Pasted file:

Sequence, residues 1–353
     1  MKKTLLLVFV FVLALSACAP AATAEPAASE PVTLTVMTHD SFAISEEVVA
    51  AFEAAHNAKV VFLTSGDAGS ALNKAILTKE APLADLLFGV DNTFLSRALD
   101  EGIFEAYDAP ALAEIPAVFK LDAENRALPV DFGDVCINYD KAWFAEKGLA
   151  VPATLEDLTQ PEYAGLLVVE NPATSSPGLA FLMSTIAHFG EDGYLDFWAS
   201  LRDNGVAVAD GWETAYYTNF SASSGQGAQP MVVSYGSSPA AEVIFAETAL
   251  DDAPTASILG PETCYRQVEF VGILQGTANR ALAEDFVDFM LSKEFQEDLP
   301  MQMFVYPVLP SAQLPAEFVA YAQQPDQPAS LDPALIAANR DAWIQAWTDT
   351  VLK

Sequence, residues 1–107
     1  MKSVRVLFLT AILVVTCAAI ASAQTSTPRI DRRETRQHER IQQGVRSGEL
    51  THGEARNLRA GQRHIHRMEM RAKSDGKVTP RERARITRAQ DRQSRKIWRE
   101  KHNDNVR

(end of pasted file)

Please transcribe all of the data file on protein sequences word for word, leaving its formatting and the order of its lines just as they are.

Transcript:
Sequence, residues 1–353
     1  MKKTLLLVFV FVLALSACAP AATAEPAASE PVTLTVMTHD SFAISEEVVA
    51  AFEAAHNAKV VFLTSGDAGS ALNKAILTKE APLADLLFGV DNTFLSRALD
   101  EGIFEAYDAP ALAEIPAVFK LDAENRALPV DFGDVCINYD KAWFAEKGLA
   151  VPATLEDLTQ PEYAGLLVVE NPATSSPGLA FLMSTIAHFG EDGYLDFWAS
   201  LRDNGVAVAD GWETAYYTNF SASSGQGAQP MVVSYGSSPA AEVIFAETAL
   251  DDAPTASILG PETCYRQVEF VGILQGTANR ALAEDFVDFM LSKEFQEDLP
   301  MQMFVYPVLP SAQLPAEFVA YAQQPDQPAS LDPALIAANR DAWIQAWTDT
   351  VLK

Sequence, residues 1–107
     1  MKSVRVLFLT AILVVTCAAI ASAQTSTPRI DRRETRQHER IQQGVRSGEL
    51  THGEARNLRA GQRHIHRMEM RAKSDGKVTP RERARITRAQ DRQSRKIWRE
   101  KHNDNVR